What: Words on a Mic open mic and poetry competition

When: 6 p.m. Saturday

Where: Bright Place Gallery, 909 SE Armour Road, Bend

Cost: Free

Note: Registration required for performers at bit.ly/WordsOnaMic

Contact: deschuteslibrary.org/calendar or Liz Goodrich at 541-312-1032 or lizg@deschuteslibrary.org

The Deschutes Public Library’s Words on a Mic contest Saturday aims to bring poets and writers out of their shells and put them front and center. At the finale of the event’s fourth series, artists will have the opportunity to share their work with an audience and try to win a $500 cash prize.

The Words on a Mic series finale will be hosted by visual artist, performer, educator and hip-hop producer Mosley Wotta (the alter-ego of Bend creative laureate, Jason Graham) at the Bright Place Gallery in Bend.

Blending an open mic night and a poetry slam, the event celebrates spoken word poetry by giving participants a microphone and up to 5 minutes to perform original material in the format and genre of their choice. They could present an excerpt from a novella or memoir, song lyrics, a personal anecdote, poetry or some other format altogether.

“I was curious to see what it would be like to have folks come through and do a rap, versus reading classical poetry, versus performance poetry, versus a classical monologue,” Graham said. “I want to pit those things against each other creatively and see if it helps make it more powerful. I’m really fascinated by the idea of that cross-pollination in a competition environment.”

Words on a Mic is part of the Write Here program that Deschutes Public Library launched in January 2018 to provide workshops, seminars and author events designed to feed and nourish the writing community of Central Oregon.

“The library sees all reading and writing events as serving the common goal of creating community,” said Liz Goodrich, adult programs coordinator at Deschutes Public Library. “Spoken word events are a little different because the art that is created by the performer is singular in that it’s never the same piece twice. It is unique every time. It’s a powerful thing to witness the genesis of a powerful piece and the genius and bravery of spoken word performers.”

Words on a Mic offered several workshops with Graham over the past three months, helping participants hone their writing and performing skills. However, participation in those prior events is not required in order to sign up for the finale. There are 18 performance slots available on a first-come, first-served basis, with advance registration recommended.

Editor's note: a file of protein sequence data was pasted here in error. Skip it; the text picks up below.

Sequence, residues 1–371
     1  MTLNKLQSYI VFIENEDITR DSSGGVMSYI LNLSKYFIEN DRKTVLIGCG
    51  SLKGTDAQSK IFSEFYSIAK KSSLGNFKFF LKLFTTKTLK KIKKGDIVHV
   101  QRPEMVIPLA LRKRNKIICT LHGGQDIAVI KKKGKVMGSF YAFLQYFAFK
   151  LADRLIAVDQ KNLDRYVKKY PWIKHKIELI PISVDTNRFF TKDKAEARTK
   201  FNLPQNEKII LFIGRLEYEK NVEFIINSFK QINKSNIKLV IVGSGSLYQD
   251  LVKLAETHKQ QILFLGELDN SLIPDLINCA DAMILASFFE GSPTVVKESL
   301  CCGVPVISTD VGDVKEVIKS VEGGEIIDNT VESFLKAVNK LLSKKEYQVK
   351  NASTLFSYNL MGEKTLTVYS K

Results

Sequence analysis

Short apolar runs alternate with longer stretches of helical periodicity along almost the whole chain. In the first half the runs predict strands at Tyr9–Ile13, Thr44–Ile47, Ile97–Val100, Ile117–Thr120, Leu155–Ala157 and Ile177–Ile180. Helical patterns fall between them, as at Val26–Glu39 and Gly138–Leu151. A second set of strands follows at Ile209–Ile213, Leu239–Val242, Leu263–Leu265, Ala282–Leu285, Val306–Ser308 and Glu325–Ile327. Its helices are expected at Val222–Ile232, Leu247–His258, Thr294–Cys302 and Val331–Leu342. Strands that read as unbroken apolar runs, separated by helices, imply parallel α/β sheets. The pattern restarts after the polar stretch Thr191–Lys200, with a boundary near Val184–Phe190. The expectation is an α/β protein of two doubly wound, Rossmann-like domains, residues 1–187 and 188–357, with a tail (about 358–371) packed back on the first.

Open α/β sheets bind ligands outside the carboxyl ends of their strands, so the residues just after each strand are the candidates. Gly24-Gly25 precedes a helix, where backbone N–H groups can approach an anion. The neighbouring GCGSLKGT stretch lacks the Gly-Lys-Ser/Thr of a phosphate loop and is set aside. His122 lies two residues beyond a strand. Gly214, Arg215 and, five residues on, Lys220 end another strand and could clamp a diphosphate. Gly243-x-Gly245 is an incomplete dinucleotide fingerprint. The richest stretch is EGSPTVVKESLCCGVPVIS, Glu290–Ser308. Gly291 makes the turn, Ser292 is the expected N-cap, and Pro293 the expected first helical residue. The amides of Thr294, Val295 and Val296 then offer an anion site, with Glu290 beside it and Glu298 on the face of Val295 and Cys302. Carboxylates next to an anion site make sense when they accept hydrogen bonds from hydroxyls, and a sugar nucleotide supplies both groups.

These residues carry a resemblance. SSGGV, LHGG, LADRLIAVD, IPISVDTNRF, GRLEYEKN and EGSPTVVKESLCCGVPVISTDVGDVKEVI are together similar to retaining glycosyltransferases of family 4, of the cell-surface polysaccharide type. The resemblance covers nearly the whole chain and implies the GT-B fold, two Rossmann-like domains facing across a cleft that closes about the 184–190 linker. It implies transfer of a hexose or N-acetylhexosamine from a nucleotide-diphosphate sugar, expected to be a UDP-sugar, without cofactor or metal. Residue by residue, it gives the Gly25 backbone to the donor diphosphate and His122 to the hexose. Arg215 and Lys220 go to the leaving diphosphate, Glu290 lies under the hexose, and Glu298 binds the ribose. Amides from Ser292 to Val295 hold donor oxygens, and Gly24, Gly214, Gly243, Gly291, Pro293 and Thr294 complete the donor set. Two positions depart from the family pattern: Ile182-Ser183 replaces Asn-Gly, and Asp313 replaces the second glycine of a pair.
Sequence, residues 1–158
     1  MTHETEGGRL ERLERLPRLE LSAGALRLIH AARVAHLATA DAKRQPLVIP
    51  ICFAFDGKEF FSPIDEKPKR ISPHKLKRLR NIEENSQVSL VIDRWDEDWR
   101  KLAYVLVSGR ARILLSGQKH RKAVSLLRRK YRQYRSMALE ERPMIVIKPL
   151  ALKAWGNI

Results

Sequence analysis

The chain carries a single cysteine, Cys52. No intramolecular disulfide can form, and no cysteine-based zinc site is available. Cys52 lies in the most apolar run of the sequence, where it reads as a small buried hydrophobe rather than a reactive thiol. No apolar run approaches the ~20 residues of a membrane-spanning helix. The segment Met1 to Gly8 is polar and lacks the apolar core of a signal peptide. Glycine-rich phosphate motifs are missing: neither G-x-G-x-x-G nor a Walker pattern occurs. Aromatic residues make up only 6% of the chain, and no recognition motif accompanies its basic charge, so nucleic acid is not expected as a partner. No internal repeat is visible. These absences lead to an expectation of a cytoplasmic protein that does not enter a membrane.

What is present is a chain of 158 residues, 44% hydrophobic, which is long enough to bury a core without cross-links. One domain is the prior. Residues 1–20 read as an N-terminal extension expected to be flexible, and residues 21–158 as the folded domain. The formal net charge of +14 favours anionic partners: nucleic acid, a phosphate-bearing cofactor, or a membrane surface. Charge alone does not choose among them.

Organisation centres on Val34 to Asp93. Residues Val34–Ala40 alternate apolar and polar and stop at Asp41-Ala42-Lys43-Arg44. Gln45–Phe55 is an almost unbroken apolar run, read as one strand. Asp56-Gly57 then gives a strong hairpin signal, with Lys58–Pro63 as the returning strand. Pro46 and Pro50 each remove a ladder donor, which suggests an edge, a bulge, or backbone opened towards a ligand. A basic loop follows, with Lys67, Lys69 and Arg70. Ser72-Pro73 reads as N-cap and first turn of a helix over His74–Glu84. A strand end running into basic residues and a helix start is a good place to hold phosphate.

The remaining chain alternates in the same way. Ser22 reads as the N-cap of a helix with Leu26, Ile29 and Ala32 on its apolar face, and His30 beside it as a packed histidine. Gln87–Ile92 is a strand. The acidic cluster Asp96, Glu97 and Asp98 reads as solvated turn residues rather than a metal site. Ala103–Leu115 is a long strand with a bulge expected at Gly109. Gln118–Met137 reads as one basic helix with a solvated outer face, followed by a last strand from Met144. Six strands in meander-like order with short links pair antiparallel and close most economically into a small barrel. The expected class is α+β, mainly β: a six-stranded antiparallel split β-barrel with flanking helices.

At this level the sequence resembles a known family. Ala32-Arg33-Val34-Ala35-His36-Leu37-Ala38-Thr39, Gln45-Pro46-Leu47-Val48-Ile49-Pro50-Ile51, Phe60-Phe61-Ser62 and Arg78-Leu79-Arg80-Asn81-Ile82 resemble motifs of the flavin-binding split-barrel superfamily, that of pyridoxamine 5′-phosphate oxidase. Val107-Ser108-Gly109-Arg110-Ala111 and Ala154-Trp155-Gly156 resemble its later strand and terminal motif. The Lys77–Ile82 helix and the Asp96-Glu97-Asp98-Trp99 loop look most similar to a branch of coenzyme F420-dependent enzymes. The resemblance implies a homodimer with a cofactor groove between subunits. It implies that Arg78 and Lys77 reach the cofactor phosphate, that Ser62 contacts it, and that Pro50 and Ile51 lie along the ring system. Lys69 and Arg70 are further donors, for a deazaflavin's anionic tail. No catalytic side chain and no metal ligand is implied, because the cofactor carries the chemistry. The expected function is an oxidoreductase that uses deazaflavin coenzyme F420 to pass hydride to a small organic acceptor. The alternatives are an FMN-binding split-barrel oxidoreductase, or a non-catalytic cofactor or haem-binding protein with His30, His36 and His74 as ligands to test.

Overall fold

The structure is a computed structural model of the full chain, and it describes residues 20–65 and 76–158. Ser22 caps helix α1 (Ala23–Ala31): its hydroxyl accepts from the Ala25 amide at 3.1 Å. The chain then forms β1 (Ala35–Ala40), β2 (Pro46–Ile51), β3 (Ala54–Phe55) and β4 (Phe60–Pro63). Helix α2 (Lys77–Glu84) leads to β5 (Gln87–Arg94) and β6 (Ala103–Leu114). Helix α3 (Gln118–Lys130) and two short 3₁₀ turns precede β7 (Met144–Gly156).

Graham says the event is open to artists with any level of experience. They just need to have something to say.

“I think the biggest thing is busting up some idea that you’re supposed to be perfect or that you’re not supposed to sweat,” Graham said. “I want to know that your heart is beating in your chest and that you’re willing to risk public humiliation. I would encourage anyone who feels less than prepared or not ready, to just try it. This is a good life practice kind of thing. Like if you’re really confident in the world of athleticism, then come and try this. If you’re really confident behind a guitar, then get rid of the guitar.”

The audience will become an integral part of the evening and is encouraged to be lively, reactive and even interactive with the performers, as long as no one is drawing too much attention away from the performance on stage. This ongoing feedback loop is part of what makes these kind of events so organic. Random audience members will even be selected as official judges.

Anyone planning to attend should be aware there’s likely to be some adult content presented from the stage as there are no taboos regarding subject matter. The recommended age for audience members is 15.

Graham advises performers to focus on presenting something personal that has real meaning to them, rather than trying to be extremely polished or mimic stylized spoken word performances or themes they may have seen elsewhere.

“Personally, what I’m more interested in is seeing what an individual is doing to come up against a fear or barrier for them and then finding a way to push past it,” Graham said. “Talking about something really personal to you, the sincerity and authenticity are going to shine through — whether it’s done really dryly or it’s highly animated.”

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